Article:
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DAN'S PAPERS, December 19, 2008 Page 20

EH Town Board to Local Biz People: “A Little Help?” By T.J. Clemente A major topic at East Hampton Town Board meetings for the last year has been the challenge of coping with a growing budget. Many believed the problem was the inability of the Board to grapple with the sophisticated realities of local government in the new economy. Others vilified Supervisor Bill McGintee to the point of signing petitions calling him everything from incompetent to dishonest. It was a tough year for McGintee and his staff. When revenues were growing, and property values rising at unprecedented rates, running the government was like riding a bike

down hill. Now, with all the problems of lower revenues, higher costs and the need to raise taxes, the comment most often heard by this reporter was, “Running the town and its almost $70 million budget was not like it use to be.” In a sign that they have heard that point of view, the East Hampton Town Board voted and consented to establishing a Budget Advisory Committee made up of local residents with business acumen to help advise them. The idea is to get established businesspeople involved in long term planning and solutions to town problems on the advisory level. Some think the idea is vital, since the Board has no intentions of

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replacing the University of Chicago-educated Nick Lynn, who came in at $150 per hour as a financial consultant. Lynn resigned just before he was terminated for writing a seemingly partisan political memo concerning how to handle the 2008 budget deficit. At the time of his dismissal, Lynn was about to start his personal audit of the CPF and its transactions. So, in place of a heavily credentialed consultant, the board created this advisory committee and has made its selections. Each board member was given one selection. McGintee chose Job Potter, a former councilman who has expertise in municipal budgets. Councilman Pete Hammerle chose Montauk entrepreneur Joe Gaviola. Councilwoman Pat Mansir chose hardware store owner Bernie Kiembok, who has also some valuable real estate holdings. Councilwoman Julia Prince chose attorney Robert Kaufman and Councilwoman Brad Loewen chose J.B. DeSantis, a local real estate agent. Lynn Ryan, an aide to McGintee, said that the group will begin monthly meetings in January, and that perhaps each will focus on an area of expertise. She said this was, in effect, a one-year experiment, with the Board having the right to terminate in a year. It was pointed out to her that there is an election this fall, which may result in a change of Board members. Reaction has been mixed. Some who know these business leaders seem to agree that they have stellar reputations. At Liar’s Saloon in Montauk, Gaviola received an accolade for being “a good guy.” But one vacation homeowner noted that there weren’t any women named, saying the selection was kind of “old boyish.” Another New York City businessman who comes to the East End to sail, asked, “What is their experience in dealing with a situation of collapsing revenues, rising cost, and bad public morale? Do any of them have experience with $70 million budgets in regard to negotiating with unions to reduce benefits and wages?” In reported comments and in discussions with the supervisor’s office, it was stressed that the Advisory Committee will have no other authority but to advise, report and suggest. They cannot vote to enact policy or force the town to take actions. Is this a public relations move by a Board whose budgets are being scrutinized by state officials, to reach out to popular citizens for support for unpopular policies? Who is to say? Is it realistic to ask such nominees to “Bust down the wall of bookkeeping,” as Mansir reportedly said? Prince reportedly said that naming an Advisory Committee is a step in the right direction and will promote real change. McGintee put the bright light on exactly what the Advisory Board will do when he reportedly said, “They’re not coming in to run town government … they are coming to advise the board on long-term spending.” With elections less than 11 months away perhaps the electorate of the Town of East Hampton will voice what they feel about longterm spending and how the town is being run when they vote. In the final hour, the voice of the people is the ultimate advisory committee.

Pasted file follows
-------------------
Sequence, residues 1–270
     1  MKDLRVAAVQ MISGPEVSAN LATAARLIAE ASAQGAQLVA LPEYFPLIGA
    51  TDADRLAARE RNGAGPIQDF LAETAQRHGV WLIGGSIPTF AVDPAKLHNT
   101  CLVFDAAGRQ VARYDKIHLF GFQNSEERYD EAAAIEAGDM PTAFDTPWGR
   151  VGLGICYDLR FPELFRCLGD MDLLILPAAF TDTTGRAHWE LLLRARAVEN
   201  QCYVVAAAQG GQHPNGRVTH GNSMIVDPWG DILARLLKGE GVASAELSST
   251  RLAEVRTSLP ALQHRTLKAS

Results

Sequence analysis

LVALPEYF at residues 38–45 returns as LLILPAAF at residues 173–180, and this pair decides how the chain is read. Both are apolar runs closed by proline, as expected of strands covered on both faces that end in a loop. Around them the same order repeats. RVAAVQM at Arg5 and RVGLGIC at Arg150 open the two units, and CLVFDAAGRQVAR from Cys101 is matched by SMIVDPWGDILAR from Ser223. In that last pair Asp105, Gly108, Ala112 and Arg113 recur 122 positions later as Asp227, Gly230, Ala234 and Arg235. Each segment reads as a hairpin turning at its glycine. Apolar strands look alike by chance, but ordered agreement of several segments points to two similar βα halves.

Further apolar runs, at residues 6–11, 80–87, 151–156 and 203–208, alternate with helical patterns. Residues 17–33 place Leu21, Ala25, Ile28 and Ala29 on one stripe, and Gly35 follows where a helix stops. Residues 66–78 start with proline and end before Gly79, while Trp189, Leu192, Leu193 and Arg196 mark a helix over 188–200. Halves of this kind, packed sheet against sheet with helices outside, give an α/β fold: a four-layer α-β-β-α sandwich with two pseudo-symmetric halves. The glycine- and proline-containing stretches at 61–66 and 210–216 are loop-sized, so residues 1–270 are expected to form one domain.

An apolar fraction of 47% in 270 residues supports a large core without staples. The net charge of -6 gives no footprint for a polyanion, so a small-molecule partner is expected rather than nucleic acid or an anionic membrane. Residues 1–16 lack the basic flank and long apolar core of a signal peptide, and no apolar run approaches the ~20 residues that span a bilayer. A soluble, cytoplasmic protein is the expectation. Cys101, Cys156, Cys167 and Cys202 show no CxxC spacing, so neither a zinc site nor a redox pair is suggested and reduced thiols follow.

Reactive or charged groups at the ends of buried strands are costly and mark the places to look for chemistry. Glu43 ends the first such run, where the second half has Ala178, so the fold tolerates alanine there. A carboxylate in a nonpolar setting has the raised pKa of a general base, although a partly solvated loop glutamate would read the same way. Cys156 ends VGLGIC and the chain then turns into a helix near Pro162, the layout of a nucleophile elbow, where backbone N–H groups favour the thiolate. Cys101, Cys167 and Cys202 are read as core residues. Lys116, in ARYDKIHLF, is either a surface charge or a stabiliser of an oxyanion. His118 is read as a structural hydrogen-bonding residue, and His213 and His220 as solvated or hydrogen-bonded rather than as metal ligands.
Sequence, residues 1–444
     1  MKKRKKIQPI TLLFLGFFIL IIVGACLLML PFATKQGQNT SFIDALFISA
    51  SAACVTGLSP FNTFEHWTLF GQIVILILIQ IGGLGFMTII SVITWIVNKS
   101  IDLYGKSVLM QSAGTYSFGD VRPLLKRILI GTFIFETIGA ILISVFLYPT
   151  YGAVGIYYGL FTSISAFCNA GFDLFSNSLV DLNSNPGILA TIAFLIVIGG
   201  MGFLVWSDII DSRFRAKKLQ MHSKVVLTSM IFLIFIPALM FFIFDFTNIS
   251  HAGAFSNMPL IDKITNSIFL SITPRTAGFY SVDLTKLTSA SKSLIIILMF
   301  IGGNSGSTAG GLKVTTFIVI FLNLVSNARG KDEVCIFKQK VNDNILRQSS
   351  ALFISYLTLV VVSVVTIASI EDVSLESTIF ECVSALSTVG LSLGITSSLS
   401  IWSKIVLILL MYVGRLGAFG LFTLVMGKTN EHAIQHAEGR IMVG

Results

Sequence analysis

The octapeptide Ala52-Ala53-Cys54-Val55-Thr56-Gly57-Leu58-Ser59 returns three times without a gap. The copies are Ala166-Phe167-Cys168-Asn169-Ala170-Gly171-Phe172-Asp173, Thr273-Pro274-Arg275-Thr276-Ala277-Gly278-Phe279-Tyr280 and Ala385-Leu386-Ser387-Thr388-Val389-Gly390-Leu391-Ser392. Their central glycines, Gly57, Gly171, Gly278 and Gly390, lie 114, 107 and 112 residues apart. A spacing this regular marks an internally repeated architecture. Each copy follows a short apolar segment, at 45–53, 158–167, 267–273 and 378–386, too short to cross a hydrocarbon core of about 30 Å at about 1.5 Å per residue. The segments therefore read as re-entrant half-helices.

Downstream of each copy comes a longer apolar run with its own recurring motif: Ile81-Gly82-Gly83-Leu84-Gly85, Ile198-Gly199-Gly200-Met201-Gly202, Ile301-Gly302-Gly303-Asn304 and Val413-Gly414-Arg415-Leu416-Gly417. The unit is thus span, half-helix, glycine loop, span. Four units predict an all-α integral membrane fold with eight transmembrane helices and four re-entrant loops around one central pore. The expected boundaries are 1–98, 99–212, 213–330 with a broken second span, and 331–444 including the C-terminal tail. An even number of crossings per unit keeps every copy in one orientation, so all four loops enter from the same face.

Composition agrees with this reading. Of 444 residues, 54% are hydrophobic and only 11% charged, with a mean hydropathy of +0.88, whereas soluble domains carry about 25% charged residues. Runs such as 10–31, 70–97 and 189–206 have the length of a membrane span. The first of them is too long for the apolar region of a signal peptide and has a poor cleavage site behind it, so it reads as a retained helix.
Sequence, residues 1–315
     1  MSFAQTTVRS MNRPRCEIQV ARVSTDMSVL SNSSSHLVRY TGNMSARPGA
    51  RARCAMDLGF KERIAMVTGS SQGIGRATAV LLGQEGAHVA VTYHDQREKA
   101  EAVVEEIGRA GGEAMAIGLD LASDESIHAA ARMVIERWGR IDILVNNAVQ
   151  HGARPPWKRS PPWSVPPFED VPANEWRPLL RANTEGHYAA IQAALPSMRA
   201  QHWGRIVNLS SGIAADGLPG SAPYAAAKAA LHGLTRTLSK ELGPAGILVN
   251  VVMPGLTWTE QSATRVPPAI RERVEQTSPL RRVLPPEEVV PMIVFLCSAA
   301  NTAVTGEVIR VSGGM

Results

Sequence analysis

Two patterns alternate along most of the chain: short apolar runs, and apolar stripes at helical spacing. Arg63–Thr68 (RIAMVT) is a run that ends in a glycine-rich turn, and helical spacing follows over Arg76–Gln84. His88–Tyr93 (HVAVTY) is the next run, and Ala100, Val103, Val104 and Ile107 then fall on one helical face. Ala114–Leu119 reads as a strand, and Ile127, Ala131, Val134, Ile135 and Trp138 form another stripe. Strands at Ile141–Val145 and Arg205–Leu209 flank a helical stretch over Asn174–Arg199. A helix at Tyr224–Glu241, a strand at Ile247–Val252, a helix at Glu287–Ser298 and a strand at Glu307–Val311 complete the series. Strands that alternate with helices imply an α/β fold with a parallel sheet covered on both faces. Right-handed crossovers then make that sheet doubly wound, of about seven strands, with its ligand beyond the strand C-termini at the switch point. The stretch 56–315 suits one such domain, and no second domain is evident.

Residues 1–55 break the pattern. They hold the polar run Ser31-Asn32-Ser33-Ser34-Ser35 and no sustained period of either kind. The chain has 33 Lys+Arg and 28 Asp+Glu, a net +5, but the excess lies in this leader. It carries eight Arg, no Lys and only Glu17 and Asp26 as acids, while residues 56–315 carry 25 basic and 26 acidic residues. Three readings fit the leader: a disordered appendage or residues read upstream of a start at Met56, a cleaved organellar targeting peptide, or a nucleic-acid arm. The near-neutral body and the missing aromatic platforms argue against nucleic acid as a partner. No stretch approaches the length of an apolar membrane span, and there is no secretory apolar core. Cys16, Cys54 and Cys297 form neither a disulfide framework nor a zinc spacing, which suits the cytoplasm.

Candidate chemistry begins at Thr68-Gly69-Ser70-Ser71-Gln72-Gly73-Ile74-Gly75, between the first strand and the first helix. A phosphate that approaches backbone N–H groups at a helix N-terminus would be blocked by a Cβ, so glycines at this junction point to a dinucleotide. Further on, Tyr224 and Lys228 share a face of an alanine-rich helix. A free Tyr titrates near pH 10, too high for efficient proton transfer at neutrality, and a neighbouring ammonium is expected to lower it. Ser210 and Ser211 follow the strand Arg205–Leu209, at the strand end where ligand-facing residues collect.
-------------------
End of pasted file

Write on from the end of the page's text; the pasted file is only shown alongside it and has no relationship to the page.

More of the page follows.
Dan's Papers 2008 Holiday Issue  

Dan's Papers, the 51-year-old bible of the Hamptons, is owned by Manhattan Media, a multi-media publishing company based in New York City,...

Dan's Papers 2008 Holiday Issue  

Dan's Papers, the 51-year-old bible of the Hamptons, is owned by Manhattan Media, a multi-media publishing company based in New York City,...